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Startup Rewardle goes high tech; integrating its platform into smartwatches

In response to the proliferation of wearable tech, Melbourne-based startup Rewardle has released its first version of a technology that will enable independent local merchants to accept payments from their customers via smartwatches.

The forecast for wearable technology looks eerily reminiscent of the period when mobile phones were making the transition from communication device to everything-device. Last year, ‘The Human Cloud: Wearable Technology from Novelty to Productivity’ study, commissioned by Rackspace Hosting revealed that 35 percent of Australians aged between 18 and 64 have used wearable technology such as health and fitness monitors, smart glasses, watches, clothing, or cameras, ahead of its US and UK counterparts (18 percent). Of these, 64 percent believe cloud-powered devices have enhanced their lives.

Juniper Research forecast that the retail revenue from smart wearable devices, including smartwatches and glasses, will reach $19 billion by 2018. Locally, Australian research firm Telsyte has predicted Aussies will spend more than $1 billion on wearables, including smartwatches, wrist bands and glasses by 2016. Added to that, Google’s Android Wearable OS was the star of the annual Google I/O developer conference in late June where Samsung, Motorola and LG all announced wearable devices that run on the operating system.

In just a couple of weeks of wearing a smartwatch, Rewardle Founder and Managing Director, Ruwan Weerasooriya is convinced that the devices are game changers. He said “What’s very obvious is that wearable devices aren’t just the latest tech gadgets for geeks, they will serve practical purposes and enable new experiences and engagement with the world around us.”

Always on the lookout for new opportunities, especially in a rapidly changing consumer landscape, Rewardle recognised an opportunity to leverage wearable technology. Ahead of many banks, tech giants, and fast food chains, Rewardle was quick to pre-order test devices and start working through concepts for how wearable tech could extend and enhance their offering.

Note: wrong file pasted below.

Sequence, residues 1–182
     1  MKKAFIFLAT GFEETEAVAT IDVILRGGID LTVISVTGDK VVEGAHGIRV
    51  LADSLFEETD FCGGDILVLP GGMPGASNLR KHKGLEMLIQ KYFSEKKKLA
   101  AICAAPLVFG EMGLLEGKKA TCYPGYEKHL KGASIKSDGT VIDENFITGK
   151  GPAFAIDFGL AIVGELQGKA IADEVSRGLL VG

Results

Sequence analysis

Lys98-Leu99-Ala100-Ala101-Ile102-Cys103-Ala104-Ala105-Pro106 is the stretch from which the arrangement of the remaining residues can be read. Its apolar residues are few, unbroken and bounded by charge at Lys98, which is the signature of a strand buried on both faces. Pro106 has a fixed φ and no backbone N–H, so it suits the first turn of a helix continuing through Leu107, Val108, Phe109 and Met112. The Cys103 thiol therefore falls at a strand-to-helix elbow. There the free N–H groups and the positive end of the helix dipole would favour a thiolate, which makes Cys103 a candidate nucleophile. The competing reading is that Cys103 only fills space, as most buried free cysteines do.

Weerasooriya said, “We’ve made sure that local High St merchants are armed with the technology to take advantage of this emerging consumer trend and to our knowledge we are among the first in the country to provide smart watch users with the ability to pay for an item such as a coffee using their wearable device.”

Merchants using the Rewardle platform – including cafes, restaurants, hair and beauty salons, pubs/bars, gyms, grocery stores, day spas, pharmacies, juice bars and quick service food outlets – simply place a tablet running the Rewardle app on their counter allowing customers to interact with the tablet using a card, the Rewardle smartphone app and now their wearable device to check-in. Once checked in the customer can record their visit, collect points, redeem rewards and make payment.

On integrating Rewardle into wearable technology, Weerasooriya said, “We’re only scratching the surface with this initial iteration but as a lean startup we’ll continue experimenting and go much deeper as we learn.”

“We think smartwatches will be the “must have” gift this Christmas and in the new year the space will explode as people look to use their new devices to do things. We’re making sure that Rewardle is there for our merchants and members.”


Disclosure: Ruwan Weerasooriya is on Shoe String Media Group’s advisory board. 

Startup Daily